On Sunday, the Baltimore Ravens beat the New England Patriots in the AFC Championship game, securing a spot in the Super Bowl. The Ravens have been getting their fair share of media attention lately thanks to star linebacker Ray Lewis who announced his retirement from the NFL earlier this year. Following Sunday's game however, he received attention that wasn't quite as welcoming.
And rightfully so…
Thirteen years ago, two friends were murdered in downtown Atlanta after the Super Bowl in a case that remains "unsolved". The involved parties however, are public knowledge.
Ray Lewis pleaded guilty in relation to the case for obstruction of justice — a misdemeanor. He was originally charged with two counts of murder before striking a deal with prosecutors in exchange for his testimony against two of his companions that night.
Lewis never directly linked his two friends to the killings, and they were acquitted. Lewis had testified that Oakley, Sweeting and another man had gone to a sporting goods store the previous day to buy knives. Baker's blood later was found in Lewis' limo. Having fled the crime scene, Lewis told the limo's passengers to "keep their mouths shut." The white suit Lewis was wearing that night — on Super Bowl Sunday — never was found.
"I'm not trying to end my career like this," Lewis said in his hotel that night, according to the testimony of a female passenger in the limo.
He didn't. For his punishment, Lewis received one year of probation and a $250,000 fine by the NFL.
Lewis declined to comment when asked about the subject Thursday by USA TODAY Sports. Messages left for agents and attorneys representing him were not returned. Oakley, recently living in Atlanta, didn't return messages seeking comment. A relative of Sweeting, living in Miami, hung up when reached by USA TODAY Sports. And the prosecutor, Paul Howard, declined a request to be interviewed.
Said Lewis: "You want to talk to me about something that happened 13 years ago right now?"
Lewis was more circumspect about the incident in a 2010 interview with The Baltimore Sun. "I'm telling you, no day leaves this Earth without me asking God to ease the pain of anybody who was affected by that whole ordeal." he said. "He's a God who tests people — not that he put me in that situation, because he didn't make me go nowhere. I put myself in that situation."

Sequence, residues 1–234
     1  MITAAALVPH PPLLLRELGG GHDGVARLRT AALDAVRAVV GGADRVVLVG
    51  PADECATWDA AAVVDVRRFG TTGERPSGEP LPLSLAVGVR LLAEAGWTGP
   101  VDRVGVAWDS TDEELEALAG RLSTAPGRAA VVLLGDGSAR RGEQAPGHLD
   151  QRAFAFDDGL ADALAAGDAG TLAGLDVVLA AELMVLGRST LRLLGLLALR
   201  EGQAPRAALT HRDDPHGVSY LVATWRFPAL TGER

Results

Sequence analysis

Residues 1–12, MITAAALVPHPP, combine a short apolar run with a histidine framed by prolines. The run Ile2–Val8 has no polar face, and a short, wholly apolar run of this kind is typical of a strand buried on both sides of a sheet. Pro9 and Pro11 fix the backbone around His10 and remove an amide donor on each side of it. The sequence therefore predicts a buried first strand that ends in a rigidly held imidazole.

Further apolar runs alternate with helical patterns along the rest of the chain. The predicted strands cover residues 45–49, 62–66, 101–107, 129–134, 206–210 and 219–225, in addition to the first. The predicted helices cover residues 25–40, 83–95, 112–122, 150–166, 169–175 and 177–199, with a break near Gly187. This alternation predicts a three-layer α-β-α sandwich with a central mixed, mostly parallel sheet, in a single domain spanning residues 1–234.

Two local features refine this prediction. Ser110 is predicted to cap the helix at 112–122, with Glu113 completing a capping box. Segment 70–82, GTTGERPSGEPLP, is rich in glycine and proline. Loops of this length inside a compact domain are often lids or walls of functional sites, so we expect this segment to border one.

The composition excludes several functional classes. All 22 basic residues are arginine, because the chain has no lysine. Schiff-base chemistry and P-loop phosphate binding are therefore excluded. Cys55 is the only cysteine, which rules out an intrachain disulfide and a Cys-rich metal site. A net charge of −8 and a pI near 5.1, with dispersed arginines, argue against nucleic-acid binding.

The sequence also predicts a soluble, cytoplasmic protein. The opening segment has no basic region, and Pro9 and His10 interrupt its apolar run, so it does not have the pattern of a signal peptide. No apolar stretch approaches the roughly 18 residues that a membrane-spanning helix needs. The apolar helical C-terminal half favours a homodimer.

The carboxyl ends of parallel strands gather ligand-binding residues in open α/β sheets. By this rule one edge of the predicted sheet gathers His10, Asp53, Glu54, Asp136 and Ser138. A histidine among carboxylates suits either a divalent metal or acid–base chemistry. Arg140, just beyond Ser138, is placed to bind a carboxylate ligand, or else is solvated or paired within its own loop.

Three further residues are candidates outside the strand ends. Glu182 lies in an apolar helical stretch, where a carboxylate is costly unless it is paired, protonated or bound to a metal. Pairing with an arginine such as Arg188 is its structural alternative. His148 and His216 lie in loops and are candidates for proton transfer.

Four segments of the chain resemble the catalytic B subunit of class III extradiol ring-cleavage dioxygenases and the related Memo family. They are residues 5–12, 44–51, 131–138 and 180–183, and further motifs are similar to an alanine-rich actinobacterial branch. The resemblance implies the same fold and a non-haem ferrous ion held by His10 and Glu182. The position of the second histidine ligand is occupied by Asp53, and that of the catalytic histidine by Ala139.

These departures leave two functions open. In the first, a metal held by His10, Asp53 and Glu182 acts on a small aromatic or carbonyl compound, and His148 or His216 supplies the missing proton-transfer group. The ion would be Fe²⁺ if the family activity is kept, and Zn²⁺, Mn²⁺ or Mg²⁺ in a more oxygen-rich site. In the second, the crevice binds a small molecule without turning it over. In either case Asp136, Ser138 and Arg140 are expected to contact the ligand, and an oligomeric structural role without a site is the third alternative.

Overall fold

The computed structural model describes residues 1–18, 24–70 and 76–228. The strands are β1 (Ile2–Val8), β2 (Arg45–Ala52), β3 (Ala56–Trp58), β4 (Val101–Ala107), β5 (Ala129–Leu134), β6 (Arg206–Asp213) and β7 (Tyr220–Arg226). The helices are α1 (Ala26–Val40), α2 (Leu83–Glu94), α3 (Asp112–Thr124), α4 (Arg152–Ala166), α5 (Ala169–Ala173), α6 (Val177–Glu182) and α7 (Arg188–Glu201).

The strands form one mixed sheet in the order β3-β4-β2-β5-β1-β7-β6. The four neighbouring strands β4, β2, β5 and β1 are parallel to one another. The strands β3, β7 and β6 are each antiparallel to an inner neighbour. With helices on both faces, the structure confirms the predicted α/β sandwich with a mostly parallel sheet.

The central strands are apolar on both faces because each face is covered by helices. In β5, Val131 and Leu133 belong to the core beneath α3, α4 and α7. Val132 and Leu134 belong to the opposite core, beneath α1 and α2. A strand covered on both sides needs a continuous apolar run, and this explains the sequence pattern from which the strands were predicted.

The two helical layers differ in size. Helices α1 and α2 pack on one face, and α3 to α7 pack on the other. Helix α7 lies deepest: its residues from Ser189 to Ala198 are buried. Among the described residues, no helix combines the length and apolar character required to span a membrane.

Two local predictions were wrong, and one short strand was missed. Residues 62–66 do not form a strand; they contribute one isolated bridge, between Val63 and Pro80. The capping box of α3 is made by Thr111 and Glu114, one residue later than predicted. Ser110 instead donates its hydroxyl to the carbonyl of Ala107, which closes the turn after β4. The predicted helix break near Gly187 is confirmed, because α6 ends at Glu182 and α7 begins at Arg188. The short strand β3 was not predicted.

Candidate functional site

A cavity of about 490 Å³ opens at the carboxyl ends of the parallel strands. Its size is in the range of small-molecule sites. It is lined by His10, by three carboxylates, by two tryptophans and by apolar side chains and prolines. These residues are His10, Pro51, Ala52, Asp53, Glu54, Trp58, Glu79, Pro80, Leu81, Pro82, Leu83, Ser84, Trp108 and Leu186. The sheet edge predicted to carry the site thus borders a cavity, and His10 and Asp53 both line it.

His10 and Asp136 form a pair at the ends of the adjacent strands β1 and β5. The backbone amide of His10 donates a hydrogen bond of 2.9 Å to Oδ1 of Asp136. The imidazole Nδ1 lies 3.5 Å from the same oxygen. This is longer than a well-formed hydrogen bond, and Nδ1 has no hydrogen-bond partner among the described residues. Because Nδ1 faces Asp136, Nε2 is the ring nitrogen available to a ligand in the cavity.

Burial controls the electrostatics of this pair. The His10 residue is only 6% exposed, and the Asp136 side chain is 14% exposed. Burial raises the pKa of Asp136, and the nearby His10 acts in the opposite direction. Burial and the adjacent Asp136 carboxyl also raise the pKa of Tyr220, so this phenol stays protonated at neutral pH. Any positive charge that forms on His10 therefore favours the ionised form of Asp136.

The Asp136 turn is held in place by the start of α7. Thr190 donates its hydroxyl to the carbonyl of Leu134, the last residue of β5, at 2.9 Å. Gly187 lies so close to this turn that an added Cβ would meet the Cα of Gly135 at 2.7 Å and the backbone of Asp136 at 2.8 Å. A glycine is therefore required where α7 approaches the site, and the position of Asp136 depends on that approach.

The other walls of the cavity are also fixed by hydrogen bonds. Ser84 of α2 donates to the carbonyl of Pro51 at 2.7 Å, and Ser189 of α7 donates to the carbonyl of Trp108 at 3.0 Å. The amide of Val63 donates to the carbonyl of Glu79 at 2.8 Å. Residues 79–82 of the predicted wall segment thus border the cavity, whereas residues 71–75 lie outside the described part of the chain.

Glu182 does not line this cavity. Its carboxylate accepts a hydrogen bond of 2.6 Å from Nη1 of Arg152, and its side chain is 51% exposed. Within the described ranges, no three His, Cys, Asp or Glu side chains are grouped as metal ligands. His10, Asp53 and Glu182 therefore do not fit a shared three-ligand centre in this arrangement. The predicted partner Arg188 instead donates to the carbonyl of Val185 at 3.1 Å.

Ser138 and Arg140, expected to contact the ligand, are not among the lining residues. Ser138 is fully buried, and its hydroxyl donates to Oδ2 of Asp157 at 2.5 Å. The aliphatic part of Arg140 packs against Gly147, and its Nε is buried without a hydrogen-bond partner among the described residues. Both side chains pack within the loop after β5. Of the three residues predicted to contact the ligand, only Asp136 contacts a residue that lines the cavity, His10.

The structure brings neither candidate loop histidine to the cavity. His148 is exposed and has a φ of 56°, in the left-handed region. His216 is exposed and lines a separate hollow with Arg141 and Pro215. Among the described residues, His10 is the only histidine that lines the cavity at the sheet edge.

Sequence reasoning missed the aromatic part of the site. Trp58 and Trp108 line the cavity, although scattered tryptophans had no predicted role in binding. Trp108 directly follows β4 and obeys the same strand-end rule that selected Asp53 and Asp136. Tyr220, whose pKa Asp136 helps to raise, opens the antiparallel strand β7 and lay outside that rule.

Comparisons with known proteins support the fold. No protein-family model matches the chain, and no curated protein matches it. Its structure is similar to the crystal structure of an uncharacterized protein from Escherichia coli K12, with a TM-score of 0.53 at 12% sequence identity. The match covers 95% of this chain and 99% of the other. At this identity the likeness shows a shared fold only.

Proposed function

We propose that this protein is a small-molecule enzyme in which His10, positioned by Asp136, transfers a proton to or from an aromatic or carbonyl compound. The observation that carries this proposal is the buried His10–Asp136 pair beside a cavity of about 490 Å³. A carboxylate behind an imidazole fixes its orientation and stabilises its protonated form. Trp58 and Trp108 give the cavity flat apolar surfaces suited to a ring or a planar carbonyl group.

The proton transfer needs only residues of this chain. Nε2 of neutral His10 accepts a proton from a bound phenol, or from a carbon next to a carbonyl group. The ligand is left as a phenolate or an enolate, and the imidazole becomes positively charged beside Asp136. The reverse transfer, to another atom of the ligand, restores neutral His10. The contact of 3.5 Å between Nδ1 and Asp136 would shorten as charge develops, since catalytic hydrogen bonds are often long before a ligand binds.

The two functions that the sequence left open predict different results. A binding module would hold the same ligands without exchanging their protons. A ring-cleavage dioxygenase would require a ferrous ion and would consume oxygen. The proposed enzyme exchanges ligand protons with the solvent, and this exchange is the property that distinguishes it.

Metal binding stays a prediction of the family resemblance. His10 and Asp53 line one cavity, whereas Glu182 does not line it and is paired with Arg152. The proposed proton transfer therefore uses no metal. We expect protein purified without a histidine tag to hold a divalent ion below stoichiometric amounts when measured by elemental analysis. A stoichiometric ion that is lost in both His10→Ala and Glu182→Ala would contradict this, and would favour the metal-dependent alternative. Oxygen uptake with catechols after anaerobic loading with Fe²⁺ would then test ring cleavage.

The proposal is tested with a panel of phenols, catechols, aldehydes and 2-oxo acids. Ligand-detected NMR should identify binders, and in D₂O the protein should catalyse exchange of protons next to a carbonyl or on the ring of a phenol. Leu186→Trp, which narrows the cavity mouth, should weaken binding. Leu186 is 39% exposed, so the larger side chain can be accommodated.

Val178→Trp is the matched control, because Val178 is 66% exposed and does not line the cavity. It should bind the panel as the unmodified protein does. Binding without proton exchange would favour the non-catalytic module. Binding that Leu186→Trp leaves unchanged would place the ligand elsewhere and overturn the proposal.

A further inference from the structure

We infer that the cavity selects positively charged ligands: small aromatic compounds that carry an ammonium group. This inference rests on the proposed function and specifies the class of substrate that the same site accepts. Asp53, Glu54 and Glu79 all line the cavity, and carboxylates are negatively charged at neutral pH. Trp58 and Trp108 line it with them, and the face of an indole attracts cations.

In those 13 years, Lewis has not only rehabilitated his image but become an iconic figure for his dominating play and leadership. His 17-year career is likely to be immortalized in the Pro Football Hall of Fame in Canton, Ohio, about 20 miles south of Akron, where Lollar and Baker are buried near their families.
Given Lewis's history, many weren't surprised to see Anna Welker, wife of Patriot's wide receiver, take to social media to give a few thoughts about the praise Ray Lewis was receiving after beating her husband's team.
Her statement read:
"Proud of my husband and the Pats. By the way, if anyone is bored, please go to Ray Lewis’ Wikipedia page. 6 kids 4 wives. Acquitted for murder. Paid a family off. Yay. What a hall of fame player! A true role model!"
Many were glad to see someone in the public eye shining perspective on the praise Lewis is receiving from outlets like ESPN who are placing this man on a pedestal simply to boost ratings. Unfortunately, Welker has since apologized for her statements.
This morning on radio, Glenn looked a little deeper into this story. He wanted to know why we keep holding people like Lewis, Armstrong, and Tiger Woods as heroes to begin with.
Tiger, who cheated on his wife a countless number of times with a countless number of women, has been pretty much forgiven for his actions by the American people.
"I saw him doing Nike commercials again," Glenn said this morning. "I guess we're over the "Tiger Woods" thing."
"He hasn't had any issues since," Stu responded.
"We always thought he was sneaky-clean," Glenn shot back, making the point that we didn't suspect him in the first place, so we shouldn't assume that.
Stu agreed, and pointed out that while Tiger may be "forgiven" he certainly isn't seeing the love from fans or the media that he used to.
"No one is praising Tiger Woods like he is the most miraculous man in the world," he said. "They are doing that to Ray Lewis."
And while Lewis does seem to have had a real change of heart, he plead guilty to obstruction of justice in a murder trial. While adultery is no joke, it's not murder.
Stu also noted that Lewis seems to be on a very religious path in his redemption — he talks about God all of the time — much more than Tim Tebow does. And, ironically, no one seems to have a problem with the Jesus-talk when it comes from formerly accused murderer Ray Lewis.
Stu also pointed out, Tony Gonzalez, another all-time great NFL player who is retiring this year was competing in the playoffs and didn't receive nearly the amount of attention Lewis did. Gonzalez has, as far as we know, a clean background.
"I mean, we destroy the people who seem to deserve our praise and we do the exact opposite to those who're questionable," Stu said nailing the root of the problem on the head.
"You know, it's a popularity contest," Glenn said. "I know Ray Lewis. I don't know the other guy that's retiring — I don't know his name. So, if I'm in the media, and I'm trying to attract eyeballs, I'm talking about Ray Lewis. Who's the other guy? We're looking for the quick fix and the awards that people get are to sell tickets to something. It's just a popularity contest. Nothing is really real anymore. That's the problem. We have to root ourselves back in reality and truth."